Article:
For many people, exercise in 2020 meant an occasional walk or an even more occasional Zoom workout. But a bike-mad dad from North Tyneside completed one of cycling’s biggest endurance challenges last year, and has set his sights on an even bigger challenge in 2021.
By cycling the distance of 100 miles over 100 times last year, Dean Madden, 49, raised over £4,000 for the Great North Air Ambulance and the Newcastle Building Society Community Fund in the process – smashing his original target of £500.
Dean, who works in financial services for Newcastle Building Society, started his quest in memory of a friend who sadly died in 2020. Jack Earl, a cycling fanatic and photographer from Bedlington was well known on the north east riding scene and Dean decided to raise money for one of Jack’s favourite charities.
Dean said: “This was a challenge I’d always wanted to do, but for a few years now I’ve missed out because it’s difficult to find time to complete so many long cycling sessions. About a year ago I decided to give it another go and raise some money for the Great North Air Ambulance and the Newcastle Building Society Community Fund in Jack’s memory. Receiving donations really helped me complete the challenge ahead of my target and push myself further. Getting support from so many people gave me a huge boost and I just knew that I was going to do it.
“Riding 100 miles 100 times in a year is one of cycling’s biggest physical challenges so I knew it would be tough. In the end it took around 11 months to complete as I simply hadn’t appreciated the mental challenge of doing something over such a long period – especially during a pandemic.”
Covering a distance of 100 miles by bike takes around six hours, meaning Dean would often set off on a ride at 4am in order to get home to spend time with his young family.
Angela Doran, Challenge Events Officer at the Great North Air Ambulance, said: “It’s amazing to hear that Dean raised over £2,000 for GNAAS. He should be so proud of completing his epic challenge of cycling 100 separate 100-mile rides in 11 months.
“Last year we saw the amount of people carrying out events and challenge fundraising fall by about one third, amounting to almost £50,000 per month loss on charity income, so we are very appreciative of those who have fundraised for us.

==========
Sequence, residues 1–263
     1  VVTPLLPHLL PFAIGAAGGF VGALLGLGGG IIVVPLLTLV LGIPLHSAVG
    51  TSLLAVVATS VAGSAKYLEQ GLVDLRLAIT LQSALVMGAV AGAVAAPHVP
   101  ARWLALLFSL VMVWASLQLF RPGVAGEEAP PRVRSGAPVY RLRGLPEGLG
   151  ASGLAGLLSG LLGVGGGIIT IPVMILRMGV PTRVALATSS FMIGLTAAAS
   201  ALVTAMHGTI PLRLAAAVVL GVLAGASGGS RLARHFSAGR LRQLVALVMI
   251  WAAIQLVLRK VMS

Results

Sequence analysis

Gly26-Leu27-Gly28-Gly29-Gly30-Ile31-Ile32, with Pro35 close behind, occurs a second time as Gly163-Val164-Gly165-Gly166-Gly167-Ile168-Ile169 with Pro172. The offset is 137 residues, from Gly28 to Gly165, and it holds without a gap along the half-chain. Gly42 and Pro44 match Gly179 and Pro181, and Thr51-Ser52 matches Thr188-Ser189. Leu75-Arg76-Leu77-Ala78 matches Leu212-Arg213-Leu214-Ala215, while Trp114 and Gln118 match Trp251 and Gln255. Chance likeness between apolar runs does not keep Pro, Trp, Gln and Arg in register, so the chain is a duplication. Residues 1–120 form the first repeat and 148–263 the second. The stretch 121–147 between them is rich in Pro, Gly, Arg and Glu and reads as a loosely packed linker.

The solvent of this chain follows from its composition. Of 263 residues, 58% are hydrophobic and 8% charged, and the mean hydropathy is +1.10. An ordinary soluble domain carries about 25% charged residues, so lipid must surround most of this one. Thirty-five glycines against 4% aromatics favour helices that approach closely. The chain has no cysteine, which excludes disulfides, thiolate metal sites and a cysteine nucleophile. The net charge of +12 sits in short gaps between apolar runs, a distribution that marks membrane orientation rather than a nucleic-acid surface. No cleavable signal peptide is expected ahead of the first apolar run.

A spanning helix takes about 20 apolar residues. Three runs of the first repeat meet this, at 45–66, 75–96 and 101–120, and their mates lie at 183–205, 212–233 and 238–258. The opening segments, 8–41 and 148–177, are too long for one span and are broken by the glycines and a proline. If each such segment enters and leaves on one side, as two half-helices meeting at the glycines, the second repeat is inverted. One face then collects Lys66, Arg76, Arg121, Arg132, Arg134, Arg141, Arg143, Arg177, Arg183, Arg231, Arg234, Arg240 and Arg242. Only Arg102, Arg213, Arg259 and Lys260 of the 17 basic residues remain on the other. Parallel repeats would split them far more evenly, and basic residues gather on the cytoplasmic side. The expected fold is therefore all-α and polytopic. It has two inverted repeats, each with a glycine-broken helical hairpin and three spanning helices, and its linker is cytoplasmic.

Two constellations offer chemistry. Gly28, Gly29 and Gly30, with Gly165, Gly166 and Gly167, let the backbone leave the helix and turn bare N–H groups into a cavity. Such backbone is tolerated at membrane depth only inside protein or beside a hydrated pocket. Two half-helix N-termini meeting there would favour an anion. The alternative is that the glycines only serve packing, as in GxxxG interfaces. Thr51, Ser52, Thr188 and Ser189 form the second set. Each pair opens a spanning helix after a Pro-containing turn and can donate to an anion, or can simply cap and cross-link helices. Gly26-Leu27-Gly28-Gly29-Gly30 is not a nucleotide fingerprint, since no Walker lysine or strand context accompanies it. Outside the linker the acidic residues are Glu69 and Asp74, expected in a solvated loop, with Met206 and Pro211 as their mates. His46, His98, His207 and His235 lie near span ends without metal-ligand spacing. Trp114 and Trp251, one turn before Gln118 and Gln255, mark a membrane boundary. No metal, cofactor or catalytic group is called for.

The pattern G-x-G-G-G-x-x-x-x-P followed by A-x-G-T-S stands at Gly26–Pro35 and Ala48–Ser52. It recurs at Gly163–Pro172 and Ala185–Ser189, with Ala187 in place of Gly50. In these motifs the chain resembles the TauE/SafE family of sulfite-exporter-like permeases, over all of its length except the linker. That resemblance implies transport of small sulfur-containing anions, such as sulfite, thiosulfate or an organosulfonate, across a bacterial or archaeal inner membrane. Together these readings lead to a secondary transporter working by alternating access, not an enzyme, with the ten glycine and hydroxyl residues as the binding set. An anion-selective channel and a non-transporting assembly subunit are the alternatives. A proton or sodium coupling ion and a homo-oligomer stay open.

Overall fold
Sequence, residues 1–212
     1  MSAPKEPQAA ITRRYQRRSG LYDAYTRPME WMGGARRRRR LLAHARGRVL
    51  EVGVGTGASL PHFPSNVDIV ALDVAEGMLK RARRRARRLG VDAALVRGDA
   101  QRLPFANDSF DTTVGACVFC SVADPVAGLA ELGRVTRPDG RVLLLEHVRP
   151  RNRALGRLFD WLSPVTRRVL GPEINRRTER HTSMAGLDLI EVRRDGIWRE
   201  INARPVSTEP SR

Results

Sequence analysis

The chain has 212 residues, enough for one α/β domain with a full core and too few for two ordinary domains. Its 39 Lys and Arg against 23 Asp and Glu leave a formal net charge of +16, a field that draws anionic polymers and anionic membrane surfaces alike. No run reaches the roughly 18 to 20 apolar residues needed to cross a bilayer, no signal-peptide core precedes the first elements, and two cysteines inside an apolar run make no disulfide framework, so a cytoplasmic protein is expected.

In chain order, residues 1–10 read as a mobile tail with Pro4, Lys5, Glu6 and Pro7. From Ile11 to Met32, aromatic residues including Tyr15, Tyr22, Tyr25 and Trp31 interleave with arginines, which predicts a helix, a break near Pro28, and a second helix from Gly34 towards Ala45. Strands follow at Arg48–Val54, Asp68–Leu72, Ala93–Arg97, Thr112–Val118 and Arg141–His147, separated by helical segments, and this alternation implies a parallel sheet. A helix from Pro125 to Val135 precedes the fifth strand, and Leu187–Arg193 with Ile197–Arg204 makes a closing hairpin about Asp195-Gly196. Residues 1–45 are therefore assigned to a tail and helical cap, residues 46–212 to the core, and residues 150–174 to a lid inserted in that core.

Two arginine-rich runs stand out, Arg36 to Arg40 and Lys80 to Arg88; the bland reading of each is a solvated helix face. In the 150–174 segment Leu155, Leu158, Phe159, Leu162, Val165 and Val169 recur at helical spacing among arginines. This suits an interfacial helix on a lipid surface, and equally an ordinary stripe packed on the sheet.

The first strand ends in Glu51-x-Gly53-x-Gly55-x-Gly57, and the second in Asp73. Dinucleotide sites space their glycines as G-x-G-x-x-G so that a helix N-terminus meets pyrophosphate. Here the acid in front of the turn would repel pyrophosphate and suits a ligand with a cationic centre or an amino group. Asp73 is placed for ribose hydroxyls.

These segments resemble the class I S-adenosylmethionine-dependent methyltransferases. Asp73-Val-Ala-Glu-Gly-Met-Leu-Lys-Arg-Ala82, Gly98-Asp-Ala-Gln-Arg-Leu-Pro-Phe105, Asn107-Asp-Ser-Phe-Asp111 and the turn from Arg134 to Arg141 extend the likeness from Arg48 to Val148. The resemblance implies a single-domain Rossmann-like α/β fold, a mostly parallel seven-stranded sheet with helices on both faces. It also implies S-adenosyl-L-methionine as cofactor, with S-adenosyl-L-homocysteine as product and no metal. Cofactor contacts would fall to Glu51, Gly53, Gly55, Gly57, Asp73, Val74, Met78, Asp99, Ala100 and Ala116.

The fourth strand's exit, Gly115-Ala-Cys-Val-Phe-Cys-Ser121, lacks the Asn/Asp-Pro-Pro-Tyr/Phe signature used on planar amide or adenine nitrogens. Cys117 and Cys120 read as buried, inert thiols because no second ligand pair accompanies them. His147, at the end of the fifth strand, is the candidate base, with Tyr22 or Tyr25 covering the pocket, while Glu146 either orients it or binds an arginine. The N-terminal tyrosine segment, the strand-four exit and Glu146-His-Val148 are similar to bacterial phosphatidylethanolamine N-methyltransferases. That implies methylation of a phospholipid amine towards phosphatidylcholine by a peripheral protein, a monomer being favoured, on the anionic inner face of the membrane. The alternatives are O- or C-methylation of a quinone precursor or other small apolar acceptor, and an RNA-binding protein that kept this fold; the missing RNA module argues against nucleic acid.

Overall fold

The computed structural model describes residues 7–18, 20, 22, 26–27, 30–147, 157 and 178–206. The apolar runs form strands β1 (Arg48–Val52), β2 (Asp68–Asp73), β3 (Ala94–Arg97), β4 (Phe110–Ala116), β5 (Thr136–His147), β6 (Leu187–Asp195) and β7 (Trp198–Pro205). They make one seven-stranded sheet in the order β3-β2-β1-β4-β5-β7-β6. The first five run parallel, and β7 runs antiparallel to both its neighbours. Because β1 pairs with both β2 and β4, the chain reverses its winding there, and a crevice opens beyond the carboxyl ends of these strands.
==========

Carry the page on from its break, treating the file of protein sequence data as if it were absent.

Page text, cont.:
“The money Dean has raised will help us continue to remain operational during these uncertain times, and be there for those in need, so we just want to say thank you to him.”
Dean also raised money for the Newcastle Building Society Community Fund, which is run in association with the Community Foundation Tyne & Wear and Northumberland. Since its launch in 2016, Newcastle Building Society’s Community Fund has contributed over £2.1m in grants and partnerships to a wide variety of charities and projects across the region, including the Sir Bobby Robson Foundation and The Prince’s Trust. The grants are so far estimated to have had a positive impact on more than 151,000 people.
Typically Dean’s rides would take him around the north east, but with the help of a local cycling company, Dean managed to complete some of his challenge during a once-in-a-lifetime trip to the Alps.
Dean added: “I’m grateful to Band of Climbers because they did so much to encourage donations and even took me out to Switzerland during the summer to ride in Tour Des Stations, in the Swiss Alps. It’s considered to be one of the hardest cycling events in the world and was incredibly hard work – but climbing 16,000 feet in the Alps in one day, alongside professional riders is a memory I will treasure for a long time.”
With his 2020 challenge complete, Dean has vowed to ride another 10,000 in 2021 when lockdown ends, including a plan to complete the 800 mile trip from Lands’ End to John O’Groats in just four days.